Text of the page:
given the choice between demanding or trying to "frighten" the powers that be into giving us something off the table - and TAKING a seat as one of the powerful to further social justice, i know which i would take

How do you propose to take a seat as one of the powerful? Elections in the US are and always have been structurally slanted against those calling for real social justice. You'd have to build a strong social movement to overcome those structural barriers -- and that's precisely what Hedges is calling for anyway.
posted by twirlip at 8:15 PM on April 24, 2010 [2 favorites]


Thanks for the link. I've listened to the first 20 or so minutes of the speech, and it's powerful stuff, but based on a lot of the political discussions I've read on metafilter it will be too left-wing for a lot of people here. Specifically, Hedges, though progressive, seems totally unenthusiastic about Obama (especially his handling of the banking crisis), and singles out Clinton's NAFTA as the beginning of the end: a stance that some here will peg as too Naderite and/or out-of-touch.

But this guy's analysis of the growing political disenfranchisement of the working class, something that the tea-bagger right is tapping into, cannot be easily dismissed. Ignore what this guy is saying at your peril.
posted by HP LaserJet P10006 at 9:23 PM on April 24, 2010 [1 favorite]


Ooooh, peril! I'm courting you, peril! Can you guys feel the peril?

Whatever his ideas are (and I have NO CLUE from reading the above), I'm sure they could be condensed into a single paragraph overview, just like the ideas of everyone else in the world. Telling me I need to watch a 27 minute video or else the country is doomed? Yeah, not so much. Even those local news "6 things in your kitchen are giving you cancer!" scares only ask for 2 or 3 minutes tops.
posted by drjimmy11 at 9:35 PM on April 24, 2010


Ooooh, peril! I'm courting you, peril! Can you guys feel the peril?

Whatever his ideas are (and I have NO CLUE from reading the above), I'm sure they could be condensed into a single paragraph overview, just like the ideas of everyone else in the world. Telling me I need to watch a 27 minute video or else the country is doomed? Yeah, not so much. Even those local news "6 things in your kitchen are giving you cancer!" scares only ask for 2 or 3 minutes tops.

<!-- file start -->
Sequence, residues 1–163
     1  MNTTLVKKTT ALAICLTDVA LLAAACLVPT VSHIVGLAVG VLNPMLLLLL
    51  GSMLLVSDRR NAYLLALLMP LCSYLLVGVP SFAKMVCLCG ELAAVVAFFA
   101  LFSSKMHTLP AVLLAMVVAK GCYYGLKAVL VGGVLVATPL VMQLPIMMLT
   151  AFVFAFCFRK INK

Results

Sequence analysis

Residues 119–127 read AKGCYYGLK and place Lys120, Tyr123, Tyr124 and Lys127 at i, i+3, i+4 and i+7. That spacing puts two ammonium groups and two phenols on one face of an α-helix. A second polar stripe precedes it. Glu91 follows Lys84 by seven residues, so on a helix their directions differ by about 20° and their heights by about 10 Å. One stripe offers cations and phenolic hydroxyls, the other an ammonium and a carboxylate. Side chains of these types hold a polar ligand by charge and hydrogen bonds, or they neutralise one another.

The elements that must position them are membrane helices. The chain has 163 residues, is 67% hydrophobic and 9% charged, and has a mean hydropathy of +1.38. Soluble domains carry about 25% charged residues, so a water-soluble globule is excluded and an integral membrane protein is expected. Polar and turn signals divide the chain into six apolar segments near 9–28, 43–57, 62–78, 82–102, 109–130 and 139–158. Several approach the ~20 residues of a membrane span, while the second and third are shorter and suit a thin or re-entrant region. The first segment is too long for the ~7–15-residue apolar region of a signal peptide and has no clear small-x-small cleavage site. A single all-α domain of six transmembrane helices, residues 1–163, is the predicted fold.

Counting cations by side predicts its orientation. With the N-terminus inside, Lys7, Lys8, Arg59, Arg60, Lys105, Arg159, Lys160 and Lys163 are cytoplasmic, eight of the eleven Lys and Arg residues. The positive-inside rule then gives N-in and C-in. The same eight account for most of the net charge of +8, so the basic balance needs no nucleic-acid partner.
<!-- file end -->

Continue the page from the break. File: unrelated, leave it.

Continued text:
Translation: I'm too lazy to listen to the speech, believe only in sound-bytes, and will express, in the most obnoxious way possible, my strongly felt opinion about a speech the content of which I admit I'm clueless about. Having a baseless opinion is more fun when you admit it's baseless!
posted by HP LaserJet P10006 at 9:45 PM on April 24, 2010 [9 favorites]


This is interesting, but seems incredibly outraged and deeply affected and angered by current events. That doesn't seem to lend itself to rationality, and it shows up here in some statements that apparently are intended to be provocative but which strike me as more inflammatory than anything else. The intoning of terms like "Weimarization" and "protofascism" is fantastically exciting, but it's certainly not accurate; any close look at those times will show that there isn't any real similarity between those times in the 1930s and 1940s and now that's at all remarkable. I admit that the times we're going through right now might actually be worse than those times were - but they certainly aren't the same.

Moreover, it's funny to me how really and deeply democratic we are now, and in a very particular way - we can't even imagine looking to any different world as an ideal. We are so inherently and deeply sure of this that fascism is in every single way the worst sort of world we can imagine, the negative by which all of our positives are defined. So that the specter of a world that's in no way similar to a really fascist society, but which we anticipate with dread, must in some way be fascistic, even if that fascism is the most distant metaphor.